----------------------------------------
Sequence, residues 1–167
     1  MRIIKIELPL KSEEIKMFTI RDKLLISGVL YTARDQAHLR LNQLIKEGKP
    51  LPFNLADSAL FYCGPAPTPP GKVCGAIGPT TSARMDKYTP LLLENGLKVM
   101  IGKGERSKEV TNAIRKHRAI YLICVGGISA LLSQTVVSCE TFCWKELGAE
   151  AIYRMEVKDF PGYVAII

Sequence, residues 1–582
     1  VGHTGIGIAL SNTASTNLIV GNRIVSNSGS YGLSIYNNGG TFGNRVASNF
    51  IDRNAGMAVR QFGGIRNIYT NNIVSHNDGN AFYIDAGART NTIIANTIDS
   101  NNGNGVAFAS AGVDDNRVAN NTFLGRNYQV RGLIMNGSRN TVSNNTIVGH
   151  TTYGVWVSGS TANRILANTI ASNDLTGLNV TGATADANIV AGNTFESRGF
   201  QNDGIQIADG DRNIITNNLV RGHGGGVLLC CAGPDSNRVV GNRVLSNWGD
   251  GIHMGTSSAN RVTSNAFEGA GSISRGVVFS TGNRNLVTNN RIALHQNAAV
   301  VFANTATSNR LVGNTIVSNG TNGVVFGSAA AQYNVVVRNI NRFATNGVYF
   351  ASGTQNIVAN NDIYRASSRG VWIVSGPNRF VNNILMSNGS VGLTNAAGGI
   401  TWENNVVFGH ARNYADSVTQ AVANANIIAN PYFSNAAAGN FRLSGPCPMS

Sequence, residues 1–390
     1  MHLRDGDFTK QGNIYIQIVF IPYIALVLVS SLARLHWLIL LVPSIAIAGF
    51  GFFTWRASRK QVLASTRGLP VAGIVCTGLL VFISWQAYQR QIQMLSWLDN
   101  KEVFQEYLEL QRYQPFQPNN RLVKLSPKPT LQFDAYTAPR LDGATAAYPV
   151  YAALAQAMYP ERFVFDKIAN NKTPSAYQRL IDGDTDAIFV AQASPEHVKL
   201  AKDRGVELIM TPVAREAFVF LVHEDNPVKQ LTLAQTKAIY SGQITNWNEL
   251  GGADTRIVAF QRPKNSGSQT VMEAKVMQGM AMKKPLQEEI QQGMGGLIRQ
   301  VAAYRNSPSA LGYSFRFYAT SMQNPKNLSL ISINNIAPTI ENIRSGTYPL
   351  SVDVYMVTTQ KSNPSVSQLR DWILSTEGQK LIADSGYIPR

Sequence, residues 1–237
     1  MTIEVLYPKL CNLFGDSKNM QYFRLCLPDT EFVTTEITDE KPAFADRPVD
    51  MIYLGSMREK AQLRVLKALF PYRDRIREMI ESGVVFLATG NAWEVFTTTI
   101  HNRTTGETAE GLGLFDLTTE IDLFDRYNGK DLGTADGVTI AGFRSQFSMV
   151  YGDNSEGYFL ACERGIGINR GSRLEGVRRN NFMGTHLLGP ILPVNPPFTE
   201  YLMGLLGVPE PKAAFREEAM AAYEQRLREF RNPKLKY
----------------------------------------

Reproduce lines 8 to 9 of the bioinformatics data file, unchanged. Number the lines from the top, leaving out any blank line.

    51  IDRNAGMAVR QFGGIRNIYT NNIVSHNDGN AFYIDAGART NTIIANTIDS
   101  NNGNGVAFAS AGVDDNRVAN NTFLGRNYQV RGLIMNGSRN TVSNNTIVGH